We wanted to thank you again for all of your work during teacher-led distance learning. We are so proud of the work that our students are submitting and it really does seem that many of you have settled into a routine to complete your learning. Please remember that this is our new way of learning and it is ‘school’. The expectation is that each student complete the minimum hours as set out by the Ministry per week and complete the work that has assigned by teachers. If you are experiencing any difficulties or have any questions, please do not hesitate to email your child’s teacher or Mrs.Sica (email@example.com) and we would be more than happy to assist you!
Descriptive Feedback (Formative Assessment)
As noted by the Ministry of Education, assessment of student work during teacher-led distance learning will take the form of feedback or formative assessment rather than grading. Research has shown that providing timely and specific feedback to students throughout the process of learning, not just on a final grade, will yield more growth in student learning (John Hattie). Providing this feedback without marks (i.e. Level 3 or 75%) is the best motivation for students to improve their work as they will know exactly what they need to do (i.e. revise, extend their thinking, check their strategies, etc.). During teacher-led distance learning, teachers will continue to provide detailed feedback (i.e. three stars and a wish) to students to improve their learning.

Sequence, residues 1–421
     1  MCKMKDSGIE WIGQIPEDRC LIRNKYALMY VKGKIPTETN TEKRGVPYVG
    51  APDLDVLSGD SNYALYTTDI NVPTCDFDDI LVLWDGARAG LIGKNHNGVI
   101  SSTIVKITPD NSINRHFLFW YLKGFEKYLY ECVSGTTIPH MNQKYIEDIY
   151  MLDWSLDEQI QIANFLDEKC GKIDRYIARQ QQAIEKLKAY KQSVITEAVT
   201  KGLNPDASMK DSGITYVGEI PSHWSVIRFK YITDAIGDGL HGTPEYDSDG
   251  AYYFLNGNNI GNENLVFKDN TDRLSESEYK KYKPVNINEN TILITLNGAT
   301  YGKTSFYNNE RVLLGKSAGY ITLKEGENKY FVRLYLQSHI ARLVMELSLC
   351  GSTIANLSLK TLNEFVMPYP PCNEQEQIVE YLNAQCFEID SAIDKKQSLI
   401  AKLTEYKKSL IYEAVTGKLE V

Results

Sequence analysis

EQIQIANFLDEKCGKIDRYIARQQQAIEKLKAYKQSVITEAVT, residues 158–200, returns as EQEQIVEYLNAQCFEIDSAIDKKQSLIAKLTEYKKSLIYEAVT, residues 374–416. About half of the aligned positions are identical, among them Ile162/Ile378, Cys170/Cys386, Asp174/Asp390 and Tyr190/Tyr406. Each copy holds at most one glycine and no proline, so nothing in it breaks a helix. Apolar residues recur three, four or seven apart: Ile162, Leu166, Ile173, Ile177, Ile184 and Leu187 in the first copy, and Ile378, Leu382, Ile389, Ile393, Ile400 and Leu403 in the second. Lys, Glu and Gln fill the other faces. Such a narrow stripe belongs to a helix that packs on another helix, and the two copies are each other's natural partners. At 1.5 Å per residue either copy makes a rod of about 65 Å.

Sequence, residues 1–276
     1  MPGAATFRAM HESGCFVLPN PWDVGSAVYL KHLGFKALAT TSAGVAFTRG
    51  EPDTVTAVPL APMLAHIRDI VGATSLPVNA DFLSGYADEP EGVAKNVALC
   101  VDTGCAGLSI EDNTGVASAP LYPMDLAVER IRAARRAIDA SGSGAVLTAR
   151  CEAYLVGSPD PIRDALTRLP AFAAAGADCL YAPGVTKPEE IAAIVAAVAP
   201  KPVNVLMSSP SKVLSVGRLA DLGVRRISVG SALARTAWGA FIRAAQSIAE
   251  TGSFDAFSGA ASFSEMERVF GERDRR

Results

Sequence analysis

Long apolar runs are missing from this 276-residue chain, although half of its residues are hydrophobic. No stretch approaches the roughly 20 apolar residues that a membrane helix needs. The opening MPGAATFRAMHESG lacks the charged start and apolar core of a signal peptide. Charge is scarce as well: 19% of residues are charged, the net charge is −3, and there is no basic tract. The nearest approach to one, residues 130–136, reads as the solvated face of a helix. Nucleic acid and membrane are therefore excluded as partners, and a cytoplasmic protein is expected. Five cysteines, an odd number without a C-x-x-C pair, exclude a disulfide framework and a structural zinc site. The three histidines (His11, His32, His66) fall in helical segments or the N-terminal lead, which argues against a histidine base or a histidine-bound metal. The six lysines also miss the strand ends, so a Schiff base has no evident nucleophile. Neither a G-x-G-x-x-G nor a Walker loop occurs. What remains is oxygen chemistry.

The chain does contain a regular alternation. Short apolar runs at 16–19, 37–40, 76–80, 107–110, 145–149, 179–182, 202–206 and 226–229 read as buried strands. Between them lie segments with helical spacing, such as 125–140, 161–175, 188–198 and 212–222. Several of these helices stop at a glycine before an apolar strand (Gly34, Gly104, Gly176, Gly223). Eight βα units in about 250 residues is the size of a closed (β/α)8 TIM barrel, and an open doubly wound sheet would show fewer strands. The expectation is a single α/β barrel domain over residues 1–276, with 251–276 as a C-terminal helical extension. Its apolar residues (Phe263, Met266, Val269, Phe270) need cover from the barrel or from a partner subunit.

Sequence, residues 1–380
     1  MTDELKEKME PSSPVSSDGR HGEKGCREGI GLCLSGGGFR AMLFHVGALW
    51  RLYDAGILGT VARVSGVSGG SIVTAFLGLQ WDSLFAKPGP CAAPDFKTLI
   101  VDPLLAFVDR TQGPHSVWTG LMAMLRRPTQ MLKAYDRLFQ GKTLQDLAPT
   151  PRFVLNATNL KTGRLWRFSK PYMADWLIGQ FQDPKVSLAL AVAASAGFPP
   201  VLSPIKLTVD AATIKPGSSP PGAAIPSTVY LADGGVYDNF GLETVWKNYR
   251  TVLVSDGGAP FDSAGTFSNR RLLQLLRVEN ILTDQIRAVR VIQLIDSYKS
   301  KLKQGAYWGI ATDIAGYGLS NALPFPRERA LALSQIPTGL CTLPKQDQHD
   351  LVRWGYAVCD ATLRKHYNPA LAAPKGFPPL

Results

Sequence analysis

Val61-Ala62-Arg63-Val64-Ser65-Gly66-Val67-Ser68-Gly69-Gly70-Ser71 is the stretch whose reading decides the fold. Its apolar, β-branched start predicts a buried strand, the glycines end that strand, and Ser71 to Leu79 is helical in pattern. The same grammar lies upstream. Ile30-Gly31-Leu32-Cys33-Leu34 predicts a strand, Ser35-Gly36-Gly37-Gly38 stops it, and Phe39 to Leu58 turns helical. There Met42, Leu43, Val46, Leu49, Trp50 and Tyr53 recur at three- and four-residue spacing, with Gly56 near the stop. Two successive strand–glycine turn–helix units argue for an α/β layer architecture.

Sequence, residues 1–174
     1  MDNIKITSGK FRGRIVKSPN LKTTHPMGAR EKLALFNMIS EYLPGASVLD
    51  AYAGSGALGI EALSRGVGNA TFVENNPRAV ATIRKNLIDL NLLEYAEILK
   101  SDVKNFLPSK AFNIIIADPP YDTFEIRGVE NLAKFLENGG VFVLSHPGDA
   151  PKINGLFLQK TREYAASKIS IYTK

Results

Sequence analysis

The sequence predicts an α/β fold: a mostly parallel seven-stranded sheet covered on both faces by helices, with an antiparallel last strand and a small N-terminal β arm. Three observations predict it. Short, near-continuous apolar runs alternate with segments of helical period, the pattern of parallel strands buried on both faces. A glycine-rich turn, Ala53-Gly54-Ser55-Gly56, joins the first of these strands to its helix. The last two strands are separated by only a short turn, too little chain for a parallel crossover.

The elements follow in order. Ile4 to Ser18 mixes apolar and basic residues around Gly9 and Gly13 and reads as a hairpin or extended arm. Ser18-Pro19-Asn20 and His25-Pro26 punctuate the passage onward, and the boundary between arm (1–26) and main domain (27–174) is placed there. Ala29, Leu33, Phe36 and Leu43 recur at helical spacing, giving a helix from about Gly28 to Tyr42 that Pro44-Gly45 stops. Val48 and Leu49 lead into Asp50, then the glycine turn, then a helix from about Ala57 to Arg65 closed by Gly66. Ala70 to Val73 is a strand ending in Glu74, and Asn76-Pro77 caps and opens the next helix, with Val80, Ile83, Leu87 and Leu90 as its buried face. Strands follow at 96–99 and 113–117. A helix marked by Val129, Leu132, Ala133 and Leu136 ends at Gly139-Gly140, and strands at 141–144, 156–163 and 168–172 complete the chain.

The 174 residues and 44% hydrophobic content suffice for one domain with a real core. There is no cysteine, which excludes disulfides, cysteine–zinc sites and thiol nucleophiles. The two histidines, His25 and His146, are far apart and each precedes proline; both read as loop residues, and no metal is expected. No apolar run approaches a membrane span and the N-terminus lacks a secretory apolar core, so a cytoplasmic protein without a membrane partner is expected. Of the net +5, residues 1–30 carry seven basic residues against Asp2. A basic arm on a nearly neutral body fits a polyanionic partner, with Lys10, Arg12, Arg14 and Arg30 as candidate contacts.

What is Feedback?
Not every piece of student work will be given feedback but rather only on those tasks most needed to improve achievement. Feedback highlights:
- What the student is doing well.
- What still needs improvement
- What specific steps are necessary and/or what specific strategies can students use to improve learning
When students submit or “turn in” their work on Google Classroom, teachers will provide feedback (comments either in the form of voice notes, video, or written and shared back privately to students) on some of these assignments.
What do students do with the feedback?
Feedback allows students to improve their performance and encourages both practice and risk-taking. When the classroom teacher provides feedback, students need to consider the feedback and use it to improve and change their work and future assignments/tasks. This is where the learning happens for your child.
This week, carefully consider the descriptive feedback (i.e. comments, three starts and a wish, or questions) that your child’s teacher has provided and use it to look over your work again. Refocus, improve your mastery of the skill, and further engage in your learning!
Descriptive feedback is “the most powerful tool for improving student learning.” Black, Harrison, Lee and William